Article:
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Being Heard

We scream our stories out 
as if we’re playing stacking games—

(My hand over
               your hand over
my hand over
               your hand) and we

speak just a little bit louder so our voices might be heard, 
squeeze just a little bit harder so our hand remains on top.

We wear smiles on our lips
to cover the questions in our eyes, 

and the more we try to speak, 
the more we die.

City of Angels and Sidewalks and Rust

Where flew the angels, the guardians of old, 
The princes of peoples and towers of gold?
The places of beauty, the fountains of pride,
The buildings that show off graffiti-less sides?

The lonely cry out to the few who will listen
For spare change, for some change, for pennies, for dimes:
The constant exchange of our race’s starvation, 
The best one can hope for in distrustful times. 

We hide in our music, our clothing, our people, 
We cower in places where everyone goes.
The buildings look out of their painted-on faces
Observing the patterns that everyone knows:

The tides of our traffic, the waves of our waiting, 
The slow in-and-out of the mood of the day, 
The to-and-from-back-and-from-here-and-there-everywhere

… (inhale)

… (exhale)

… (inhale)


When we remember—in May or December—
The people, the process, the push to be bold, 
The hungry, the needy, the addict, the bleeding, 
The prostitute out in the merciless cold, 

We burrow in words, in emotionless places;
We slowly deprive us of what we can’t bear.
We seek out our refuge in shadows, in traces
Of what-we-want-when-we-want-when-we-can-care.

We say what we teach us, we say what we’re sold, 
We watch what we program and do as we’re told. 
We wrestle with nightmares and talk in our sleep; 
We laugh at the movies and come home to weep. 

We look at the candles and wish for the stars; 
We smoke cigarettes at the seedy old bars.
We finger the matches and hoard what we can, 
Forgetting whatever it meant to be man.

:: Epiphany ::

Sometimes I go all day
Before I realize
The one reason why everything didn’t work.

:: nurture ::

We are small souls
tucked deep into the cavern of our thoughts,
but contrary to popular belief 
it is not cold here.

The winds and waters rumble ‘round—
the cold rushes by—
but we cannot see them. 
Our eyes are full of warmth
in the nook
of the heart
we have found.

in the wide expanse of space
a little warmth fizzles out, 
but in the tiny quarters of two insignificant people 
small flames can become stable heat sources.

With combined efforts—though, unlike the song,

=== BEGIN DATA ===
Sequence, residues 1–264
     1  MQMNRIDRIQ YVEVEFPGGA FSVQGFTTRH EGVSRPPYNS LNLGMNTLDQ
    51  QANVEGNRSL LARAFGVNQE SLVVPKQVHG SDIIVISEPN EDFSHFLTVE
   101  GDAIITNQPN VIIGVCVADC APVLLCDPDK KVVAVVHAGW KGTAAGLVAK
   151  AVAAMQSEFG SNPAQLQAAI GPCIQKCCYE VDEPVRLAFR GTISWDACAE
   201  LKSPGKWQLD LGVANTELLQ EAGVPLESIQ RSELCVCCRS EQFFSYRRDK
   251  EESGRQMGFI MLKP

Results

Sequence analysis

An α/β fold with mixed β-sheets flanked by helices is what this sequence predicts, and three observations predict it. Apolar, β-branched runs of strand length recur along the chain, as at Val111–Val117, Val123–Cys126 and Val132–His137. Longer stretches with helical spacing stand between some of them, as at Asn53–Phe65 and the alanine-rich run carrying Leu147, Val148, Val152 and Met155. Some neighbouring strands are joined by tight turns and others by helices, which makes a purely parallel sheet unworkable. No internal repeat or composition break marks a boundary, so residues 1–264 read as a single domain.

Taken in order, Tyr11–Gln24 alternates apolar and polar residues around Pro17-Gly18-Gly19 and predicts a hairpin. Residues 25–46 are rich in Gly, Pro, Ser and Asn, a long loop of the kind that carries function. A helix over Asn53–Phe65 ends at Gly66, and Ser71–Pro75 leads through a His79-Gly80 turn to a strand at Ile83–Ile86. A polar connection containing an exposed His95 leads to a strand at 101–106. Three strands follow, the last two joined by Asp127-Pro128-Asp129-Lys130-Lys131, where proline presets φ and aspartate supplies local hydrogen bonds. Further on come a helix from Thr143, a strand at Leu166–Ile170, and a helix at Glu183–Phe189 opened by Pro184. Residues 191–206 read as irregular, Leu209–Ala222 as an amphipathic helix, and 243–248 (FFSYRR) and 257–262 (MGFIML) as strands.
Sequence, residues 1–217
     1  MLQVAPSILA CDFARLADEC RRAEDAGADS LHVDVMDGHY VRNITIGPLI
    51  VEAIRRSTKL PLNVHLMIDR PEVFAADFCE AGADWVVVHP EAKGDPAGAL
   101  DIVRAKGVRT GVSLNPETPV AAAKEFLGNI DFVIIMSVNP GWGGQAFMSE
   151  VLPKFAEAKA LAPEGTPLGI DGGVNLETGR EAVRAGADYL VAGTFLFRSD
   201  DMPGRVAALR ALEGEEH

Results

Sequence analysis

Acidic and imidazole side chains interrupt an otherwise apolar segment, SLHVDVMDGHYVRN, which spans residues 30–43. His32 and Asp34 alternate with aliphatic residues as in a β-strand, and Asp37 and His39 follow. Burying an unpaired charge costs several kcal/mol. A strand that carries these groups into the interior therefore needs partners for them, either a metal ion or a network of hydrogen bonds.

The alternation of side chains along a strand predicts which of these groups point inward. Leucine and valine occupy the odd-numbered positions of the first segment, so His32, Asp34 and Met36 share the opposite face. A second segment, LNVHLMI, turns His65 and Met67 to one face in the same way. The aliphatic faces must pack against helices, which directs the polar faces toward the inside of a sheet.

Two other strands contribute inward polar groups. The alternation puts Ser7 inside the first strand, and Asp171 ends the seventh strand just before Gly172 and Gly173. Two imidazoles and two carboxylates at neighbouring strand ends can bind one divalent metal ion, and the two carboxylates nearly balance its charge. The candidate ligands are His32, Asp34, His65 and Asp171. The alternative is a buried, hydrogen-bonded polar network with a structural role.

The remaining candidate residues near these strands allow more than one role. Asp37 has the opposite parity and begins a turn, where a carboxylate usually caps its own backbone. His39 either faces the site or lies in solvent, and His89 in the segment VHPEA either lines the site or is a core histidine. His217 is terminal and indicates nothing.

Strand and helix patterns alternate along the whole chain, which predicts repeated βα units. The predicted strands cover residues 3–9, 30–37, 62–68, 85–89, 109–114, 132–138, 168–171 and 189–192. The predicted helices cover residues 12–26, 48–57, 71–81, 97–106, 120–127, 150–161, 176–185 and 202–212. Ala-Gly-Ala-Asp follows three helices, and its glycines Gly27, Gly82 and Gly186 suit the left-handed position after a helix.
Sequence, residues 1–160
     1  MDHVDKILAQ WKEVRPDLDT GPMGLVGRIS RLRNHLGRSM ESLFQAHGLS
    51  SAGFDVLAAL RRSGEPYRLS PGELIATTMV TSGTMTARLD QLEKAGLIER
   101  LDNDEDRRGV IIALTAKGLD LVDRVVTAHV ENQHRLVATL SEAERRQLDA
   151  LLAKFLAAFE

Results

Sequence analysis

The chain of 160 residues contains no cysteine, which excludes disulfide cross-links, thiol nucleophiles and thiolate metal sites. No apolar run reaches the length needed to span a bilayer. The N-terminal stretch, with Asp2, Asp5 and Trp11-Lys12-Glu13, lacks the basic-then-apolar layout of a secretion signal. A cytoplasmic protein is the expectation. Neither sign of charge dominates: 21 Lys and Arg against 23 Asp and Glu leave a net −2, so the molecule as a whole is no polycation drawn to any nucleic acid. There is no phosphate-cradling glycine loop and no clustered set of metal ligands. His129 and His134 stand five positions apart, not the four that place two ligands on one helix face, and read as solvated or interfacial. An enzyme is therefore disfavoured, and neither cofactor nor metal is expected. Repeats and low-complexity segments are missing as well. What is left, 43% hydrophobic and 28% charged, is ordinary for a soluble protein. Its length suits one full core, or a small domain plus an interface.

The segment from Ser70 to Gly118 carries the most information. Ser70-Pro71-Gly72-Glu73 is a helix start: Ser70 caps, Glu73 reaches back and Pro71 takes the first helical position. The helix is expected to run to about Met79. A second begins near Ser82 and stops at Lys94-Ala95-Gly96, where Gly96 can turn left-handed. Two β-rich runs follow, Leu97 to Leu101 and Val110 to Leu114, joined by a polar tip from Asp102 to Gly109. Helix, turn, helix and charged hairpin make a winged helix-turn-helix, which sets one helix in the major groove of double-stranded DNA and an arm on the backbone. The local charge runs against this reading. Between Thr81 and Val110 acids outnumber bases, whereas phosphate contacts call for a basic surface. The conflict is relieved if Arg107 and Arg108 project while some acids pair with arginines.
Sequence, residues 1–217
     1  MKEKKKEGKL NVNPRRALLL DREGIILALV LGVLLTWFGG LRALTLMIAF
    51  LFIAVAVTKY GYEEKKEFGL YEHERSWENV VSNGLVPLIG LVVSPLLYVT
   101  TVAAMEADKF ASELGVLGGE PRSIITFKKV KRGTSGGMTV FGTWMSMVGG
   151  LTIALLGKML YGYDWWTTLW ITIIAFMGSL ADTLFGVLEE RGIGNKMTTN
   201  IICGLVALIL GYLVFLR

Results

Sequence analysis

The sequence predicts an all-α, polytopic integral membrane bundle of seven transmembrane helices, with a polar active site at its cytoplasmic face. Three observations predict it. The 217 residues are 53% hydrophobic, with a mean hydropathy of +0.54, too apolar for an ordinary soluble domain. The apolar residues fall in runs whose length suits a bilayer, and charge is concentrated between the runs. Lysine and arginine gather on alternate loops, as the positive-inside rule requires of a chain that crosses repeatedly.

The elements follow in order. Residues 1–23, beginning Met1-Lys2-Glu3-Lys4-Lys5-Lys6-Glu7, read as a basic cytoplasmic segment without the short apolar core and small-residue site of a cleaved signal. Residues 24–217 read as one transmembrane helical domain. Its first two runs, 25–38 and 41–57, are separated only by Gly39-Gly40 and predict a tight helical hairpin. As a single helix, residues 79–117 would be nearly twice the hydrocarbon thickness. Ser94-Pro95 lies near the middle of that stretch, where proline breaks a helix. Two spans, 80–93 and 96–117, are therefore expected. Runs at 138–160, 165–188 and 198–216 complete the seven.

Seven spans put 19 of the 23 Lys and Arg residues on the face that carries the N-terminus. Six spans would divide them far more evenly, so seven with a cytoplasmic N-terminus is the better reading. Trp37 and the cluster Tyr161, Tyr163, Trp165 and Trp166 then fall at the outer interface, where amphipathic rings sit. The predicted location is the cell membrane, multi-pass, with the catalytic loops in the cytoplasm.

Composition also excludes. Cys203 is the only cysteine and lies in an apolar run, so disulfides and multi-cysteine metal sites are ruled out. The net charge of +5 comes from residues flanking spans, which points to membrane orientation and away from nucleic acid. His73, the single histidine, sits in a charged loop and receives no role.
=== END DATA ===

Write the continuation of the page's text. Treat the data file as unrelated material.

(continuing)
we will not light the world on fire—
perhaps we will set some molecules moving, 
and they will bump others into motion, 
and eventually…
everything in the universe
will shift a little bit.

:: promises ::

She drops 
two superfluous words 
onto the sizzling surface of the moment; 
in an instant they are done. 
The first bite brings tears to his eyes,  
as the blessed warmth 
singes its way to his stomach. 

:: reflections of a stretched-out-self ::

In this moment all things remind me of my insufficiency;
they speak the fullness of my lack, the space between
my own reach and the infinite span of goodness, 
the heights of humanity’s peaks. 

Is it enough, then, to be a valley in the world of men? 
But valleys are too unique—too hidden, too secret, far too unusual. 
I am no secret garden, no secluded bower, no luxurious retreat.

Is it enough, then, to be a plain in the midst of plains, 
part of the seamless carpet man spreads his cities upon 
and stretches his highways throughout? To lie there, nameless, 
circled by expectations of the shortest distance and the quickest rout. 

Like glass I am stretched and spun, held over the flame to soften before 
yet again I am shaped by the fire. How sad that either I or the hands 
that hold me must be aflame in order for work to be done. 

Yet if I am glass I am shaped by another for another’s ends, 
and if I am a plain I am part of a shape I cannot see, 
and in the end my posturing thoughts don’t matter after all, 
except to me. 

:: forgetfulness ::

What happened to you, 
when the sky no longer mattered
and you had to force yourself 
to remember how to drive?

What happened then, 
that you lost your grip,
your white-knuckled grip, 
and wondered what the dog saw
as he panted out the window?

What made you remember,
the second before the car behind you honked, 
that green meant go and you were first in line?

I hope you know—because I knew it then
and wish I could remember.

:: loneliness: II ::

I hear the wind outside, 
and it makes me glad that I am here, 
where the winds that rip through sweaters and touch
their freezing fingers teasingly to our necks
cannot come in. 

But some nights I miss the trees. 

I hear her voice outside, 
and it makes me glad that I am here, 
where her words that rip through motives and burn
her seething anger cripplingly to our hopes
cannot come in. 

But some nights I miss her warmth.

:: loneliness: III ::

I spent those quiet afternoons not in his study 
but in his workroom, peeking over at the knobs and blips and wires, 
fascinated with the clicks and whirs that translated to words 
that someone else knew how to hear. 
We spoke across the world, and I could hear the mechanical motions 
of a conversation, the technological muscles stretching across 
the interim space, the wonder of a child at a language unlike any  
other she had ever heard before.  

So I asked her how she liked it, 
and she said she didn’t care. 
“It’s his thing”, she told me, 
“and I keep my nose out of it.” 

Years later she complained he didn’t love her, and I wondered 
how she hadn’t noticed before 
the distance his radio could not communicate across. 

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